1. Introduction Given the very powerful computer resources that are now available for civil engineering and infrastructure design, a pressing need is to improve interaction and communication between the structural and geotechnical communities. An obvious priority is for the two communities to work together in a more integrated fashion. The most direct way in which this can be achieved is by the two groups developing integrated numerical models of complete structure–foundation systems. Too often in the past the practice has been for consideration of the foundation and superstructure to be considered almost in isolation. Lapsing into anthropomorphism, we can say, that from the perspective of an incoming earthquake, the structure and the foundation system supporting it is seen as a single entity. If this is accepted then the design approach needs to be based on a single integrated model of the building–foundation system. Nowadays exceedingly capable software is used for analysis and design of structures. The full potential of this software will not be realised until a complete model of the structure–foundation system is used. This point of view is certainly not based on the assumption that the future of engineering design lies in evermore sophisticated software in a manner that reduces human input and minimises opportunities for engineering judgement – certainly not. But what is intended is that the exercise of engineering design judgement will be enhanced, so enabling the designer to obtain a more realistic understanding of the how the design will perform, and yet this is not a big step forward for the capabilities of available software. What is needed 217 K.D. Pitilakis (ed.), Earthquake Geotechnical Engineering, 217–243. c 2007 Springer.

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is simply that the human side of the process is organised to realise the best output from the numerical modelling. The above sets a very broad scenario. This paper is concerned only with shallow foundations. A further limitation is that it will not be considering liquefaction effects on shallow foundations. The paper starts with consideration of the bearing strength of shallow foundations under earthquake loading. The conventional wisdom is that the design of shallow foundations is controlled by considerations of settlement and differential settlement rather than bearing strength. This may be true enough for foundations subject only to static vertical load, but when cyclic moment loading is involved, such as in earthquake, wind and wave loading, then the stability is extremely sensitive to small increases in the applied moment. The designer needs to take account of this. Next the effect of soil variability relative to the variability of the properties of structural elements is discussed. Then the limitations of bed-of-spring models for shallow foundations is discussed. Finally, an example of the integrated design of three-story framed structure on shallow foundations is presented. 2. Ultimate limit state design of shallow foundations in Eurocode 8 Bearing strength theory gives us a way of estimating what combinations of vertical load, horizontal shear, and moment mobilise all the available shear strength of the soil underlying and surrounding a shallow foundation. The sum total of these combinations forms a bearing strength surface in a three-dimensional space. A convenient way of presenting the surfaces is to use axes deﬁned in terms of dimensionless parameters, one for vertical load, another for horizontal shear and a third for moment applied to the foundation. The suite of dimensionless parameters is deﬁned as V =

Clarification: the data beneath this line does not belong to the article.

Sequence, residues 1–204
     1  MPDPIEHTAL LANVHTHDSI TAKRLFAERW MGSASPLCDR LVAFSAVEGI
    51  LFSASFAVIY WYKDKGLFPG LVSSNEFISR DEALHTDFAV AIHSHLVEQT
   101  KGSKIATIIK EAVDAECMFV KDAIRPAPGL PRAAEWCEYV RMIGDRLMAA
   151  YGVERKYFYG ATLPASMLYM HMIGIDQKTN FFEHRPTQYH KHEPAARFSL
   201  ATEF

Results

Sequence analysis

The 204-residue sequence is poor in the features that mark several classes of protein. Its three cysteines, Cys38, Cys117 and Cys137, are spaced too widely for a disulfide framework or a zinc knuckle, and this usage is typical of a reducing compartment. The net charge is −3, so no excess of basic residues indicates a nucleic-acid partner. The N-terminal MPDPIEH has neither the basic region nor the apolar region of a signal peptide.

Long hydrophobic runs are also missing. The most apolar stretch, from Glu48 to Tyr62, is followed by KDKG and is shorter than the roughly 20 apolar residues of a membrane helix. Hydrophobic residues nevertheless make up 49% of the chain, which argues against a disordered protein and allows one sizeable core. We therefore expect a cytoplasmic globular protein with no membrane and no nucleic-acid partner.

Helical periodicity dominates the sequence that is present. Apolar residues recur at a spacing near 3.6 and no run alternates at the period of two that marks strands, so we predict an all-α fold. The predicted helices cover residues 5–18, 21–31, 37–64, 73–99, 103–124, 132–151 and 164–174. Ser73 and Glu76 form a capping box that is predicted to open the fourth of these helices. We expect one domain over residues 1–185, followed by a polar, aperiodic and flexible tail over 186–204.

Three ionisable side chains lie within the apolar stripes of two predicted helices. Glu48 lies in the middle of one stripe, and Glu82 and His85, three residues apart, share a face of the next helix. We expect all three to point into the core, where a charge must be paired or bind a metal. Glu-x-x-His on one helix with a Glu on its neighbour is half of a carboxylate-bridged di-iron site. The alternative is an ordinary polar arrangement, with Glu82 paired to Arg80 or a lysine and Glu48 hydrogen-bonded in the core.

V , Vuo

H=

H , Vuo

M=

M Vuo B

(10.1)

where: B is the width of the foundation Vuo is the ultimate vertical that may be applied to the foundation, in the absence of shear and moment loading, evaluated using conventional bearing capacity equations V , H and M are a combination of actions that induce an ultimate limit state, i.e. the coordinates of a point on the bearing strength surface V , H and M are the normalised foundation actions. To account for the effect of seismic inertia in the material beneath the foundation the following two additional dimensionless parameters are used.

Seismic design and performance of surface foundations

F undrained =

ρag B ag , F drained = su g tan φ

219

(10.2)

where: F undrained and F drained are the dimensionless parameters for undrained and drained loading respectively: ag is the horizontal acceleration in the soil beneath the foundation φ is the angle of shearing resistance of the soil ρ is the density of the soil g is the gravitational acceleration Several bearing strength surfaces appear in the literature dating from about the time of the paper by Butterﬁeld and Gottardi (1994), Gottardi and Butterﬁeld (2003). Bearing strength surface expressions for conventional bearing capacity equations are given by Pender (2006). Eurocode 8, Part 5 (CEN, 2003) has a bearing strength surface which allows for the effect of earthquake acceleration in the soil beneath a strip foundation. The surface speciﬁed in EC8 is

f 8 V , H , M, F

c c c c

1 − f F M χ M M 1 − eF T β H T (10.3) = b + d − 1 = 0 a k k c k k V −V V −V 1 − mF 1 − mF where: the numerical values for the eight parameters in this equation, a–d, cT , c M , β and χ , are speciﬁed in Annexe F of EC8, Part 5. There are two sets of parameters, one for undrained conditions and the other for drained behaviour of the soil. Note that Equation (10.3) employs a slightly different notation from that used in EC8, Part 5. The background to the derivation of this surface is given by Salenc¸on and Pecker (1994a, b) and Pecker (1997). Design examples using this equation are given in Chapter 10 of Fardis et al. (2005). Figures 10.1 and 10.2 show the surfaces for the short term undrained loading of saturated clay and drained loading of cohesionless soil. Both surfaces are limited to positive V values simply because there must always be a compressive load on the foundation. The diagrams have positive and negative values for H as the earthquake is a back and fourth motion. Similarly, the foundation moment M can be positive and negative during the earthquake. Thus the surfaces in Figures 10.1 and 10.2 present the upper halves only of the complete surfaces. In Equation (10.3) this is handled by using only the magnitude of the normalised horizontal shear and moment. The EC8 expressions are developed for a strip foundation. The document does not include shape factors that would allow the capacity to be increased to handle rectangular foundations, although Paulocci and Pecker (1997) have given expressions for these.